Avocado in our dye pots behaves like a tree dye, releasing color slowly, holding its integrity. It has a natural relationship to minerals, especially iron and oxygen, and carries antibacterial and antimicrobial properties. Not that these characteristics should be surprising, and yet the fact of this discovery came as a surprise as it is easy to detach fruit/plant from its source when we have no local context in which to experience and observe the whole plant. In the case of the avocado, it is far too easy to detach the fruit from the tree, and even more the pit itself. Yet, if we truly want to create visibility in how we access our foods, clothing and dyes, I recognize the need to be able to return the parts to the context of their whole. And the avocado in its dye process, reminds us gently of its origins as part of a larger cycle and part of a larger network of relationships. We are deeply connected to these relationships even as they seem inaccessible. My temptation is to leave the work of unraveling aside in favor of exploring the stories underfoot in our local ecologies and yet avocado demands focus too, and why not explore our local waste as a viable and sustainable avenue for color?
Putting the dye pot on the back burner, just for a moment (literally out on the porch in my case), I wondered about aspects of this non-local plant – although, strangely, locally available at our local food co-op where I happily purchase avocados all year round.
What is our connection to the plant and where are they coming from today?
Some of our avocados come from farms in California although Mexico is one of the largest providers of avocados to the United States ( the region in Mexico where avocados are grown is also home to a large Monarch butterfly sanctuary which abuts the ever increasing farm lands which sustain avocado farming). The production of avocados has escalated at a tremendous rate due to the increase in popularity around the world, as the avocado as a food source provides us with unquestionable flexibility in culinary and nutritional aspects. With the rise of demand and production comes the need for more growing space. This is a part of the story of the seeds we compost and retrieve for dye. This is the story which is slowly unraveling in our dye pot and in our color. This array of emerging colors connects us to something far away–to forest and farm, and to fragile understandings of significant changes in relationships.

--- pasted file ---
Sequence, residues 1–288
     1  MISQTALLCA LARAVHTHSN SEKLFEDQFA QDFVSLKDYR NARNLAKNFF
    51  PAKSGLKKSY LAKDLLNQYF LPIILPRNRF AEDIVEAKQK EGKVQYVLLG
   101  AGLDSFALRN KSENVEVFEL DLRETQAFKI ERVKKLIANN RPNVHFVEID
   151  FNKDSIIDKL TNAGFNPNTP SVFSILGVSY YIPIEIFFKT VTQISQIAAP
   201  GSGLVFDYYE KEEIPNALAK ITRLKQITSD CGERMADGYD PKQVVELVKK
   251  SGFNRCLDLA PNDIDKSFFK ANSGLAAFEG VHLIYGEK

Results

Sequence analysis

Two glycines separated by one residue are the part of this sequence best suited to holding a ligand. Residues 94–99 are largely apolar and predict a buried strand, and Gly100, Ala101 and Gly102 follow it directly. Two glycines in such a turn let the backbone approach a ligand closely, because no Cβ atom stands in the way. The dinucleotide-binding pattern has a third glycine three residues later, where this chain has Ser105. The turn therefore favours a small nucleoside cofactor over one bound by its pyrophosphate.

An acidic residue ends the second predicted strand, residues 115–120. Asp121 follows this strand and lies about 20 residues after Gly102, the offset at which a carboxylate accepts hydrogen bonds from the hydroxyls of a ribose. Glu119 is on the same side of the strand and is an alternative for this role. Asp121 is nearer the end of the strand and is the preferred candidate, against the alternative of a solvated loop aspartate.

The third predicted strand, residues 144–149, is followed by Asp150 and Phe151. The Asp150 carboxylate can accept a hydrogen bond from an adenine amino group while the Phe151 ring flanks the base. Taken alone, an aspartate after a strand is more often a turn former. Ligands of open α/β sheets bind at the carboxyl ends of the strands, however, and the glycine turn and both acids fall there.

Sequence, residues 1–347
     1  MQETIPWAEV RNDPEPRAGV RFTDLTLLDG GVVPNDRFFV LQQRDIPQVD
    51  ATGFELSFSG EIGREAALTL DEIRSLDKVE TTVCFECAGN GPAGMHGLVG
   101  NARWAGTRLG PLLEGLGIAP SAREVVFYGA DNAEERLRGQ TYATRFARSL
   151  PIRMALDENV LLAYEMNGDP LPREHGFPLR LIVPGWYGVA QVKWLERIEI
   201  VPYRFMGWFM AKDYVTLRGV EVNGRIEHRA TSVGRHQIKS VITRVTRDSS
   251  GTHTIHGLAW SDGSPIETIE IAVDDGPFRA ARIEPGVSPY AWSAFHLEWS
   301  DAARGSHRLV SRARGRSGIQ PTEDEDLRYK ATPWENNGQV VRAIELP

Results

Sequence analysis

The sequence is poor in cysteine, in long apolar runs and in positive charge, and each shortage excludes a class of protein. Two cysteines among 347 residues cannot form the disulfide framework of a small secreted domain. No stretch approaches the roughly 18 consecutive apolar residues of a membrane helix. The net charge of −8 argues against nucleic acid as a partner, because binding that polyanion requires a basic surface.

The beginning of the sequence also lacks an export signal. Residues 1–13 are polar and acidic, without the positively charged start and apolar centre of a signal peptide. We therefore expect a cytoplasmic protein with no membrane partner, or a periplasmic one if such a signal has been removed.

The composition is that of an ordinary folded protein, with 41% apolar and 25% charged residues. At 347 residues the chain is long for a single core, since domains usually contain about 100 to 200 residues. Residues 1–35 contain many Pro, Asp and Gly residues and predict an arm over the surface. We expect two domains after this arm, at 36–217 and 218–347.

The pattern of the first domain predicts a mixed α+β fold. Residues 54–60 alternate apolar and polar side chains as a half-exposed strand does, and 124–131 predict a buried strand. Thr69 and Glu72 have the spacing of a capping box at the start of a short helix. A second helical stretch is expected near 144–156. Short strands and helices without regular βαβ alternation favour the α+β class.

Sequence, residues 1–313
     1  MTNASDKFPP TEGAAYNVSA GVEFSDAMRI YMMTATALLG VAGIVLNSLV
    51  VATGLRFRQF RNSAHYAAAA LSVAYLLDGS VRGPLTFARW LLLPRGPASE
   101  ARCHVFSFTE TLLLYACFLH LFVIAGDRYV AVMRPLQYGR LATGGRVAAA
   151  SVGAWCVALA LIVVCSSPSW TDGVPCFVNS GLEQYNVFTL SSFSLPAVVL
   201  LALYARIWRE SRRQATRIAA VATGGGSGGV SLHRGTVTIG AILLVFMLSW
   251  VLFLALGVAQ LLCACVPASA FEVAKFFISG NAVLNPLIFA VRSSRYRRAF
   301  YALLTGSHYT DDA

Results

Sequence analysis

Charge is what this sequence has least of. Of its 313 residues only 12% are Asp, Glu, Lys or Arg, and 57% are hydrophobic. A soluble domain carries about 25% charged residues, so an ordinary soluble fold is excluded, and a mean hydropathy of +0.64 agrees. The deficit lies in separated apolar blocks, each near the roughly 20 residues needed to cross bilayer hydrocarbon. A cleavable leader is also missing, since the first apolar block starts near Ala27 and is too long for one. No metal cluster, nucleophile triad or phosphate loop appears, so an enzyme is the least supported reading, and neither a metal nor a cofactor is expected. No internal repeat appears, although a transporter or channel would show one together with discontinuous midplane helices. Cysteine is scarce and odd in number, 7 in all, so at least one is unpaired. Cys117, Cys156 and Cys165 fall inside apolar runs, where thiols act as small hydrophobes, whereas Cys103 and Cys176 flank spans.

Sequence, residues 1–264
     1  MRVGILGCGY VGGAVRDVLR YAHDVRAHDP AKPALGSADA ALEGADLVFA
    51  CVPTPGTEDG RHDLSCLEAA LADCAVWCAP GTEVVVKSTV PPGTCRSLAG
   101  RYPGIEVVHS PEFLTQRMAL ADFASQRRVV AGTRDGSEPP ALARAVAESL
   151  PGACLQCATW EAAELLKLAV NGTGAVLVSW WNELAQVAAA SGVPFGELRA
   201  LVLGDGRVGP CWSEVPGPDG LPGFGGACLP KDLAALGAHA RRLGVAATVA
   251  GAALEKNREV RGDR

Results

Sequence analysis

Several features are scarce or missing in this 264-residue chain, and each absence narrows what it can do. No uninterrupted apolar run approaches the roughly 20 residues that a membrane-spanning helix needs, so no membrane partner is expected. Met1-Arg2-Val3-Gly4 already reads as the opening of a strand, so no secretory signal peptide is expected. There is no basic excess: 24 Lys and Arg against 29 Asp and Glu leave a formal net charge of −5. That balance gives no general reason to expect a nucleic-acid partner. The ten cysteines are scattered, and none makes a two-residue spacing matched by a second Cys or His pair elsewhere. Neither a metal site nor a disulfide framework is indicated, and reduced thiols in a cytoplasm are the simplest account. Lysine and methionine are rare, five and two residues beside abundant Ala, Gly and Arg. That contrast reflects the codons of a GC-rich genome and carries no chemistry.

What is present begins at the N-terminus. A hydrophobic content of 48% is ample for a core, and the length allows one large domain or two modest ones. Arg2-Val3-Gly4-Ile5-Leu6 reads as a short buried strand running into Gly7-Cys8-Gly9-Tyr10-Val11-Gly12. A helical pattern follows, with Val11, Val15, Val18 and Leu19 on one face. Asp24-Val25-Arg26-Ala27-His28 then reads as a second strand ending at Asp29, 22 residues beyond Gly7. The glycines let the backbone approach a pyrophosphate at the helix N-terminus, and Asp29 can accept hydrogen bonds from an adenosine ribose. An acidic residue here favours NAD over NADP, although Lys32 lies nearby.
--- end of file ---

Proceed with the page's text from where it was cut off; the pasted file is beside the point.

(As a child I worked with my father to collect Monarch butterfly eggs to raise in his classroom–recreating virtual meadow habitats, replenishing food sources and releasing the Monarchs after their final metamorphosis back to their original birth place on the outskirts of Chicago. I have continued to raise Monarchs and to develop wilder places in my garden where milkweed provides the invitation for generations to return, creating and sustaining a physical connection to a longer story. In the fall the monarchs gather in company and numbers to begin their long voyage across parts of North America south to Mexico where they winter. My actions have a connection to places far away–the monarch is a connection I have carried. The avocado may not wander on its own wings, but it too belongs to a path which connects us to occurrences and conversations through distances, albeit somewhat obscured and seemingly indirect.)